Union BOCC Unanimously Approves Mine Application Moratorium for 2nd Reading to be Held Next Month
The Union County commissioners, after listening to a packed house at the Lake Butler Community Center, unanimously approved a one-year moratorium on applications for mining operations in their county.
Dozens of concerned citizens spoke against the mine, while only two, one of whom was a paid employee of the HPS company, spoke in favor. Concerns include health issues, radon , dust, water pollution of New River and the Santa Fe River, aquifer and well contamination, wildlife destruction, including the federally protected and endangered Pigtoe Mussel, heavy industrial traffic in a tranquil, rural area, and lowered property values.
The landowners have already broken the rules by draining wetlands illegally with no regard to the required permits and at least one of the principle landowners has received a Notice of Violation (NOV) from the water management district. They were also fined for illegally drilling water-monitoring wells on their land with no permits.
The company has disclosed that they plan to use new mining techniques designed to reduce water consumption and eliminate settling ponds. These techniques are only theories and have not been tested nor proven to work, and these facts add to the skepticism and doubts of the mine critics.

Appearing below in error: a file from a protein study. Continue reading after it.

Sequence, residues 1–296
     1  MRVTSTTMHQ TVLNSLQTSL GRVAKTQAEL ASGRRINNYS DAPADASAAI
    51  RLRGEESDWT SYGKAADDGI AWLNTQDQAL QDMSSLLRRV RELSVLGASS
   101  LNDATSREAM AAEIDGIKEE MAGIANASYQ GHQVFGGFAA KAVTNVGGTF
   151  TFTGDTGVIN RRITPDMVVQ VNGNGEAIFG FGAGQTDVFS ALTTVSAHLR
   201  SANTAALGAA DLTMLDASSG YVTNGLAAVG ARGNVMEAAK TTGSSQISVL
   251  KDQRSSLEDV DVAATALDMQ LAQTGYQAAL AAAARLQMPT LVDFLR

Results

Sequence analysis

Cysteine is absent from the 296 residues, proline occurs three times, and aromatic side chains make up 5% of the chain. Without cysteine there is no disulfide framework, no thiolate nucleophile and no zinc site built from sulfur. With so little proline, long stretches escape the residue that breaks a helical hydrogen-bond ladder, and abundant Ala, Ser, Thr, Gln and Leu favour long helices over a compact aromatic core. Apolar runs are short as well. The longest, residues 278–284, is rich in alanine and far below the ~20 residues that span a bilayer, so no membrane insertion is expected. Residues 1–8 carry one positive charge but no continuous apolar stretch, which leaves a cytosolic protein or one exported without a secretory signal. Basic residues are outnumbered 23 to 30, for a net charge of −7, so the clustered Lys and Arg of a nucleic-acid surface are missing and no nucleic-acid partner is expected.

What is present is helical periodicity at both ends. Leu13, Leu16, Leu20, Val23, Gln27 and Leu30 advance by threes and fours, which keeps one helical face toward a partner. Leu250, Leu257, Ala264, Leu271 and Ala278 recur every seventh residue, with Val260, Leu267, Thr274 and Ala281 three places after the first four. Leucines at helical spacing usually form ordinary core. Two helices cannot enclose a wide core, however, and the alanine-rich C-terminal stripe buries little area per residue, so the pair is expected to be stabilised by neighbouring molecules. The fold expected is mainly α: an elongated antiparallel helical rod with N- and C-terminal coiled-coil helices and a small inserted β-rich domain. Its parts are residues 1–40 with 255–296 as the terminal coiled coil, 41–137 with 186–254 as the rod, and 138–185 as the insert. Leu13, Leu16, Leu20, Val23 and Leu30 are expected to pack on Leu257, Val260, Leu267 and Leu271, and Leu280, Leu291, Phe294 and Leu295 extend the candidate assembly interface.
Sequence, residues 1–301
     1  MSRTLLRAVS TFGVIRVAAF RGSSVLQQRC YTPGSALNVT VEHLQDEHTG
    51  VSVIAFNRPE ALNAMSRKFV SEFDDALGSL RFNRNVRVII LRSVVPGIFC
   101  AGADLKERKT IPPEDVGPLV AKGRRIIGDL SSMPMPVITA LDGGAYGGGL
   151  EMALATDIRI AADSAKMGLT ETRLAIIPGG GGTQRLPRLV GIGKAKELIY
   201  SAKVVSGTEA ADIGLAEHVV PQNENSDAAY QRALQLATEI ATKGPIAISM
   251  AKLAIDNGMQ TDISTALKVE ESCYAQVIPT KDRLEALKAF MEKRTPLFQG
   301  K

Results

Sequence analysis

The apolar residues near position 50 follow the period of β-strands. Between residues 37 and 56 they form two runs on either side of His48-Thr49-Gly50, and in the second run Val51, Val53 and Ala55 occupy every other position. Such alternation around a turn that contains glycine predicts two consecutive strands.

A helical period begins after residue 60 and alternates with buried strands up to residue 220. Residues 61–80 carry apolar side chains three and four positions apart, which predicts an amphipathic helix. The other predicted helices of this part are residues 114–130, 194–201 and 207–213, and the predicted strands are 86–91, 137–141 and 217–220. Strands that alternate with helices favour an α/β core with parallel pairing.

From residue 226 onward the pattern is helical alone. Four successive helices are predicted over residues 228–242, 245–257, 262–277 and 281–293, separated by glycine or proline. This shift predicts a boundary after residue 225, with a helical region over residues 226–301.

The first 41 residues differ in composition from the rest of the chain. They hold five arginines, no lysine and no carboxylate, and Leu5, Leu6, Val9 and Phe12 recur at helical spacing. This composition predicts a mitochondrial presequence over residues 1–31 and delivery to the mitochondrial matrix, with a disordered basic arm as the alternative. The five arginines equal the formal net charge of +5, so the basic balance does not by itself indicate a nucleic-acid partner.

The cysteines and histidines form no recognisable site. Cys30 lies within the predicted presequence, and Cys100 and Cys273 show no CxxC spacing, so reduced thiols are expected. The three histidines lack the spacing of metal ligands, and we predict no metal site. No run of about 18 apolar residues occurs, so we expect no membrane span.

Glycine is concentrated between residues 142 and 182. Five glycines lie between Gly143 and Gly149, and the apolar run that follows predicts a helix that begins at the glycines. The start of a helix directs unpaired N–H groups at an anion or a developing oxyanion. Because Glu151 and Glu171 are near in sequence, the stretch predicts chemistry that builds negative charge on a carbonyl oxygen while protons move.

Some opponents believe that the combination of initial rule-breaking and promises of untested theoretical mining techniques equate to a very poor prognosis for a model mining operation.
The commissioners voted unanimously to place a moratorium on accepting mining applications. There will be a second reading of the issue and another vote before the moratorium is official. Tentative scheduling for this meeting is April 18, 2016.
Several members of Our Santa Fe River were present in the crowd. Policy Director Merrillee Malwitz-Jipson, who has taken the lead in opposing this threat to the river spoke, as did Vice President Terry Phelan, standing in for President Pam Smith.
Other members who spoke were Pete Cameron, speculating on God’s plans for the phosphate, but concluding that He probably wants it left in the ground where He put it, and OSFR advisor Marihelen Wheeler. Whitey Markle, representing the Sierra Club Suwannee-St Johns Group expressed his opposition warning that the FDEP will not protect the river, and Michael Stevens, an organic farmer from Brooker with several science degrees, explained the tremendous risk to the environment in order to make profit for a few. High School student Patrick Miller expertly outlined the risk to the future of his community and strongly opposed the mine.